“Nuts,” I said into the phone when his receptionist told me the news. I was already pulling into the lot; it had taken me 25 sucky minutes driving through the sprawling expanse of Boise to get there.

“Oh, I love nuts! But really, I’m sorry,” said the receptionist, not at all unkindly. There were good things about living in Idaho instead of New York. “We’ll get you rescheduled.”

“Do you know of anything fun to do out here?” I asked, because I was 25 minutes from home, and I had the day free on account of carving out time for an appointment that wasn’t going to happen. Most people don’t know that serving as VP of Marketing for a well-known toys-as-a-subscription company comes with a lot of free time.

“Um — like, around the office?” she asked.

“Right,” I said, pulling into a parking space and turning off the car Ben and I had bought together upon our arrival to Boise, although technically only my name was on the deed.

“Well,” she said. “Let me think. I believe there’s a McDonald’s nearby.”

“Not like that,” I said, shaking my head as if she could see me.

“Hmm,” she said. I could tell she was taking the pondering seriously. “Well, there’s a rock climbing place in our complex. I don’t know if you’re into that kind of thing, but a few of us go on Saturdays, and it’s decent.”

“Interesting,” I said, because I had no idea that gynecological support staff hung out, and because I used to love rock climbing, but hadn’t been in some time.

“Should we get you rescheduled for some time next week?”

“Yes, but I’ll call you back when I have my schedule,” I said, even though I knew I was free pretty much whenever. But I was excited about the rock climbing now, and had a good feeling about the whole thing, which in retrospect was perhaps a premonition that would turn out to be a prescient one. So I hung up, swung my legs out of my Nissan Altima, made my way across the parking lot to the bouldering gym, and paid 19 dollars for a day pass. “I don’t need a tour,” I said. “I’m actually related to a number of very famous rock climbers.”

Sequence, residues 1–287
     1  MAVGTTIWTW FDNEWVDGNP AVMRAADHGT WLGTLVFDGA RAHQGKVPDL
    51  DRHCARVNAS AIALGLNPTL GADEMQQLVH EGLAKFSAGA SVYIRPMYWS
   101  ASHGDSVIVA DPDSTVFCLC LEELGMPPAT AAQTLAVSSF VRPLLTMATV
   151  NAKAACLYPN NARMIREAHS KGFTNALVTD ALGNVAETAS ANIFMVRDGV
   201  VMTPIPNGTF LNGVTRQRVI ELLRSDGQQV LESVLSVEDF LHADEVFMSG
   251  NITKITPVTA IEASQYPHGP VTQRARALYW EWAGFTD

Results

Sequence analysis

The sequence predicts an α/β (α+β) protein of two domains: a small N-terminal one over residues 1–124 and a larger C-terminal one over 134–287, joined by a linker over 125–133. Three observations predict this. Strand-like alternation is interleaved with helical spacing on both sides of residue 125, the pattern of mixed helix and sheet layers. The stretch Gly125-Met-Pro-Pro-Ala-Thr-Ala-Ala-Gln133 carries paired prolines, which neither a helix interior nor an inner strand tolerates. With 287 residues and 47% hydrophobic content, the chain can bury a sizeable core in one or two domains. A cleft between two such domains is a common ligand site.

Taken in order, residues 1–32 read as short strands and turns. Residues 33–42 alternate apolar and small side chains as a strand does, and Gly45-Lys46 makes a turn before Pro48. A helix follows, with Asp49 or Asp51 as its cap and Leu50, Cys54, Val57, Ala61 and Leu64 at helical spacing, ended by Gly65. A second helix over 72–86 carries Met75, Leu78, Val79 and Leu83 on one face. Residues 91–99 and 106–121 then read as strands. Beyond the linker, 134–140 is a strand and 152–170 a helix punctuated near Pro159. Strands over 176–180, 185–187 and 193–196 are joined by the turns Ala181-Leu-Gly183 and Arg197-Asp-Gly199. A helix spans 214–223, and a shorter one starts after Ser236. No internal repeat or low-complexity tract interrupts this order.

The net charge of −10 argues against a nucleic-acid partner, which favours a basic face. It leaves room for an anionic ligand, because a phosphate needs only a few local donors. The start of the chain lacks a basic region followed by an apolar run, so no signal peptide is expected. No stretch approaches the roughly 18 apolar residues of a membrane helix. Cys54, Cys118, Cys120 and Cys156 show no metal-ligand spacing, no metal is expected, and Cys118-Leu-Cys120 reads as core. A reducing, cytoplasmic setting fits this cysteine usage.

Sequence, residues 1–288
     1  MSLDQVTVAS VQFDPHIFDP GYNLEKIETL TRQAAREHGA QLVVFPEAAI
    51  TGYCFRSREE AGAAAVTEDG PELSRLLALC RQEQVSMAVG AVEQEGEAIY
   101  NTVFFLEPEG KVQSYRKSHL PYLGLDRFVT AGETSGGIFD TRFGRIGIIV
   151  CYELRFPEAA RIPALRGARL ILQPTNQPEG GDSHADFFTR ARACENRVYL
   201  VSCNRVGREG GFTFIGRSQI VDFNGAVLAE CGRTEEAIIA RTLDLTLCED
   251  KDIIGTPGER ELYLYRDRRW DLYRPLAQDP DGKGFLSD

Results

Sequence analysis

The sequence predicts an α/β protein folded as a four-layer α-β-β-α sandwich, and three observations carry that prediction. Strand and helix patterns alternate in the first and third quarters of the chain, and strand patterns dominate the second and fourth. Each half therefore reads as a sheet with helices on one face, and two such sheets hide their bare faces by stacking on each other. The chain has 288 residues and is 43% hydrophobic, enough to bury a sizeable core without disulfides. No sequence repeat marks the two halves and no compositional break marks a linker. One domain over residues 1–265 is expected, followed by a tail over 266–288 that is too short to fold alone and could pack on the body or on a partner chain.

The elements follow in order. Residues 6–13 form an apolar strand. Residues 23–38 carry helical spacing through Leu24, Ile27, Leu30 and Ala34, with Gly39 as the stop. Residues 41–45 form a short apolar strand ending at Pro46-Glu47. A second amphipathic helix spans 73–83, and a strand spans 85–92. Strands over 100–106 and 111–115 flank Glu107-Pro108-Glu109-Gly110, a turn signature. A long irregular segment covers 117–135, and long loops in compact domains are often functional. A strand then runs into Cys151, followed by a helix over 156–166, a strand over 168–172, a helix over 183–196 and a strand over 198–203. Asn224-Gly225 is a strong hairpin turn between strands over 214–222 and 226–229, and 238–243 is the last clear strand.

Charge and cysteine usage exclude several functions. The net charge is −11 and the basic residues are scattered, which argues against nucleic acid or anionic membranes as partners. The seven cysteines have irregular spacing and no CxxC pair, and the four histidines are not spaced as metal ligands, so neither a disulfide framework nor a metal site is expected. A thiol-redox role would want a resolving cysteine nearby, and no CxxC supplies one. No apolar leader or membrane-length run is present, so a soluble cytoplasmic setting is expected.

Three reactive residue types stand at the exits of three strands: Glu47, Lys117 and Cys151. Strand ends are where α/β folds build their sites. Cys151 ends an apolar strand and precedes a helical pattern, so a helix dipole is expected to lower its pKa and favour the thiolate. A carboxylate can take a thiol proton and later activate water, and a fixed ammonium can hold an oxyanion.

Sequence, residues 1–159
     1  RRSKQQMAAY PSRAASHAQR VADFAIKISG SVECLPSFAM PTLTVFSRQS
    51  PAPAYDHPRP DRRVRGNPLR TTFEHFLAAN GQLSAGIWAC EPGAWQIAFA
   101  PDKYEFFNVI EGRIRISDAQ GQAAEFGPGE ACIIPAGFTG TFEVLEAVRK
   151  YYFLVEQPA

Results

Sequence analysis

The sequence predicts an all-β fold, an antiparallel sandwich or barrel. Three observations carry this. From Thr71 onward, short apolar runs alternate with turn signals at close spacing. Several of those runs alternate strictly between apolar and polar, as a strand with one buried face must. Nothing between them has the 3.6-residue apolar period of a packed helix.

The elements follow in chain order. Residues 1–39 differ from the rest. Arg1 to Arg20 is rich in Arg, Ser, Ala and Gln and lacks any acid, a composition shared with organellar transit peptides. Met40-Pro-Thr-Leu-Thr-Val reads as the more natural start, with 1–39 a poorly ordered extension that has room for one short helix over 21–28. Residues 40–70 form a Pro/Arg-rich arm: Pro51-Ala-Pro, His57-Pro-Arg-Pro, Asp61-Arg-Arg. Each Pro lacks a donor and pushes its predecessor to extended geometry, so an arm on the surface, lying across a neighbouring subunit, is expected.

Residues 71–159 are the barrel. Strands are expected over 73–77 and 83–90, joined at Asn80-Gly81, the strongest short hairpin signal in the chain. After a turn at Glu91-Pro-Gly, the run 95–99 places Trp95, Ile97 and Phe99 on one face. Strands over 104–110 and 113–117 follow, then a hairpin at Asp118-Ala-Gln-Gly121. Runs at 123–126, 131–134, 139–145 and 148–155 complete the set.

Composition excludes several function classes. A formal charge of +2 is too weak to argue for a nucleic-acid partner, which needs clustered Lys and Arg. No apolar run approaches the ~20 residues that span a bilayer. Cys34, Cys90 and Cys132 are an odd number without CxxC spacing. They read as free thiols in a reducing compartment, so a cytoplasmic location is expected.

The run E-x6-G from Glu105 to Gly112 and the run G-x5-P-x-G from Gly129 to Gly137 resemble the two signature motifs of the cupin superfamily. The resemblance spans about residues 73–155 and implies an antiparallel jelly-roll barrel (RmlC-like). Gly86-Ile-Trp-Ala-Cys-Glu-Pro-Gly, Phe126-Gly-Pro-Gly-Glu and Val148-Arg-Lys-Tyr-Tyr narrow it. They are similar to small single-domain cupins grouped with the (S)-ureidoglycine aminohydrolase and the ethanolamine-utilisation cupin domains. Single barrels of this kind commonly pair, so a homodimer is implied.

“OK,” said the front desk guy, his brow furrowing in a way that made me think he didn’t believe me. “Do you—” he paused, looked behind me, as if one of my nonexistent famous relatives would appear. “I mean, I can give you a tour anyway?” He flicked a booger from his nose, and I watched it land on the counter between us.

“No need,” I said. “I’ve been as far as Asia. I think I can find my way around this gym.” Another lie: I’ve traveled plenty, but never to Asia. But it’s a game I play, sometimes: seeing what I can get away with. If he’d called me out, I’d have accused him of sexism. “What, you think women can’t travel alone? Have you no shame?”

But he didn’t call me out. He just said “OK,” then he shrugged, and his mustache quivered above his lip. That’s one thing Boise and New York City have in common: facial hair that deserves to live on better faces than it does. “Shoe size?”

“Eight,” I said, even though my feet are a size nine.

“Here ya go,” he said, handing me a pair of climbing shoes. I went over to a bench, smooshed my feet inside and started sussing out the routes.


The gym was chalky and sweaty-smelling, more crowded than I would have expected for a Tuesday at 11 in the morning. I decided to climb a route labeled orange — it looked hard, but not too hard — and I went to it, bouncing a little on the padded floor as I walked.

I felt that sense of warmth and urgency from the parking lot again. I looked around to see if anyone else noticed the temperature change — faulty air conditioning, maybe — but no, it wasn’t that. The heat wasn’t in the air so much as it was in the reverberations of the entire world. I looked to my left, to see if anyone else could feel it, and that’s when our eyes met. His were piercing and brown, and his hair was floppy and black, and he was wearing cargo shorts with big pockets, and I could see a bulge where his penis had been hoisted to attention by the climbing harness he was wearing. I stopped walking, and wondered if he’d noticed my bouncing, and his lips curled into a smile, and mine curled into a smile, and that’s when I remembered about the shell and Mrs. Dee and the floppy black hair, and I wondered, right away, if he knew about the shell, which of course he didn’t, and then I found myself wondering where the shell had gone, and realizing it was probably crushed on the floor of a storage unit somewhere, but I didn’t even feel sad, because I was just so overwhelmed by the cosmic significance of finally meeting him. The guy I’d been waiting for all along.